Over the years, Art Partner - one of the world's leading art agencies - has been increasingly committed to 'creative and purposeful climate initiatives' thanks to its sustainability division, Earth Partner. Knowing this, their latest initiative, #CreateCOP27, comes as no surprise and with support from the UNESCO Regional Office for Southern Africa, the virtual exhibition and competition are not only relevant to today but the results are profoundly moving. Having called on creatives of all nationalities, races, genders and faiths to submit work that generates conversations around the urgent need for climate justice, the competition hopes to raise considerable awareness of the critical decisions being made at the United Nations Climate Change Conference 2022 (UNFCCC COP 27).
Attracting hundreds of submissions from 64 countries, just eight finalists were selected (with 20 others receiving honourable mentions) from a panel of six jurors. With prizes of $10,000, $5,000, and $2,000 up for grabs for those who came in first, second and third place, the pressure was high. Alas, first prize went to Peruvian artist Lizeth Lozano Palomino for her climate activation and multimedia piece, Orilla Negra, a piece that remained delicate yet overtly powerful thanks to her skilful black and white capture of Panama City. Her submission raises the issue of corporate responsibility following the Repsol oil spill in January 2022, where more than 11,000 barrels of oil spilt into the ocean north of Lima, which has been said to be one of the worst ecological disasters in the history of Peru.
Art Partner co-founder Amber Testino said in a statement:
'Our goal is to draw more attention to COP27, where world leaders will determine the future of our earth. At the same time, we can leverage Art Partner and industry platforms to support the next generation of creatives from all backgrounds, especially those in underrepresented communities. This year we received an overwhelming response from a breadth of applicants – geographically, demographically and culturally – that reflected the global and shared concerns of a young, creative generation. We are immensely grateful for all the enthusiasm and support.'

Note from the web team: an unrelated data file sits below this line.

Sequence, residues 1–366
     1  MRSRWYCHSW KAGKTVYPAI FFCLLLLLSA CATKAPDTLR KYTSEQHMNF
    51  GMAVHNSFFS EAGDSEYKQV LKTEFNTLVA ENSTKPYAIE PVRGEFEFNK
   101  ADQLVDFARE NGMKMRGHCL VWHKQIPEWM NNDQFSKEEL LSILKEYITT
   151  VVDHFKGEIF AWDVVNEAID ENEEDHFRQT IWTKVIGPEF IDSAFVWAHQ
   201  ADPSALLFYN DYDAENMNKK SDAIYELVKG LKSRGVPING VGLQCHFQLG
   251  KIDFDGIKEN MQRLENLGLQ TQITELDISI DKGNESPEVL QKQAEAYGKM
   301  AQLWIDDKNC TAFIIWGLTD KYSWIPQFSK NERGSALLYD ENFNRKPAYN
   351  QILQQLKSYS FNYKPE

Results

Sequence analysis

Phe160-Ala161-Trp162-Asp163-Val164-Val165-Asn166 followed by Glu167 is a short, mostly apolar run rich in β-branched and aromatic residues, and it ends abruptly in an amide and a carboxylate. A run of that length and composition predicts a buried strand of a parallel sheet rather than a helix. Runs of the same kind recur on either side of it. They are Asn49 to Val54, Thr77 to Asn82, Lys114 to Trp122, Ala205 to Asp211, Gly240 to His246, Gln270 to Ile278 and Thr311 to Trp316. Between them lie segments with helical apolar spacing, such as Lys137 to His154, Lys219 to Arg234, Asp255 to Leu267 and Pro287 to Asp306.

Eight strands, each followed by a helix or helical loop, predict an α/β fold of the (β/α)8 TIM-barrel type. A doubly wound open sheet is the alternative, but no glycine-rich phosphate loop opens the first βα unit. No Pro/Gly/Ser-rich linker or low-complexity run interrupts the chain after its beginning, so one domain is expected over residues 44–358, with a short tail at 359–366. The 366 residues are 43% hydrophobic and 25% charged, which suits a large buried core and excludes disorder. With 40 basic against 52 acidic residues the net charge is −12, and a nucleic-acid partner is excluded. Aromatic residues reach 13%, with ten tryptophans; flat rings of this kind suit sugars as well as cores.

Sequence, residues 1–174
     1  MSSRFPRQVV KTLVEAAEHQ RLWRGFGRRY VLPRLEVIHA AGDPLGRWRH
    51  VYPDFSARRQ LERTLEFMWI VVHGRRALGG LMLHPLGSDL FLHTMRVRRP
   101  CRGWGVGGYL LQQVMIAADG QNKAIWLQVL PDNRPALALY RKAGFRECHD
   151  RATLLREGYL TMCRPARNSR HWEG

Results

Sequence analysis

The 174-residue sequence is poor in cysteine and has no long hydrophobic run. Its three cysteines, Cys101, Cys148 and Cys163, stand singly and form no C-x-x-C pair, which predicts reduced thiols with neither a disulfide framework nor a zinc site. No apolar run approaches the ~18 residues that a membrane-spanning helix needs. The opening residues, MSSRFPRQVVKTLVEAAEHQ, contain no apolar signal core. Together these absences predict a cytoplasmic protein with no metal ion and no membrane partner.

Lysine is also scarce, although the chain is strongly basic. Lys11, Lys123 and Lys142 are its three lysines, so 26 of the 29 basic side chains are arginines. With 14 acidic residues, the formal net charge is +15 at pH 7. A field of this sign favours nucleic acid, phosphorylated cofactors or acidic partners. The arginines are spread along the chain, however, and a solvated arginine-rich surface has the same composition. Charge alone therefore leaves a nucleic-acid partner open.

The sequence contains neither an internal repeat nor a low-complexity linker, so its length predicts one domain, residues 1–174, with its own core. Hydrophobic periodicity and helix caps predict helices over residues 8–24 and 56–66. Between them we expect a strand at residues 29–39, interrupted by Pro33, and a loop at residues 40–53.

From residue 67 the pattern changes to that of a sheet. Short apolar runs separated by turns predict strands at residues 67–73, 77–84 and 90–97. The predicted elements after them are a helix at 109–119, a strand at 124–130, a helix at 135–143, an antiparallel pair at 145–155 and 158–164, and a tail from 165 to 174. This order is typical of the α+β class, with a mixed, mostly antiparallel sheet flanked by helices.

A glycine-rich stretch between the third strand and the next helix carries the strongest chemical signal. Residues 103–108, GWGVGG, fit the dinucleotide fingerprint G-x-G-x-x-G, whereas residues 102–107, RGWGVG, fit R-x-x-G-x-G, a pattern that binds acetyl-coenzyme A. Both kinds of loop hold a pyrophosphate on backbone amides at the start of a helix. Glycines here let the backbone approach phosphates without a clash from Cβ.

The two second-prize winners - Aakash Malik and Avijit Ghosh - made sure to create work highlighting the diversity of the climate emergencies we face. Through his photo story, Malik depicted the flames of a forest fire around the Yamuna Ghat in Delhi, while his compatriot Ghosh explored the impact of flooding through his project.
The remaining prize winners included Woo Jin Joo's Waste Mythology and 25-year-old Sultan Ahmed Niloy's Water Refugee, both of whom thought outside the box to explore the impacts of climate change through creativity and honesty. They came in joint third place next to artists Bagels, Angela Blažanović and Miranda Varo.
#CreateCOP27 is also committed to longer-term issues regarding climate justice and protection. These include recognising disparities such as MAPA (Most Affected People and Areas), advocating for Net Zero by 2030, and supporting 30x30, a campaign organised by the intergovernmental High Ambition Coalition for Nature and People (HAC), which aims to stop the loss of species and protect vital ecosystems while protecting indigenous leadership and rights.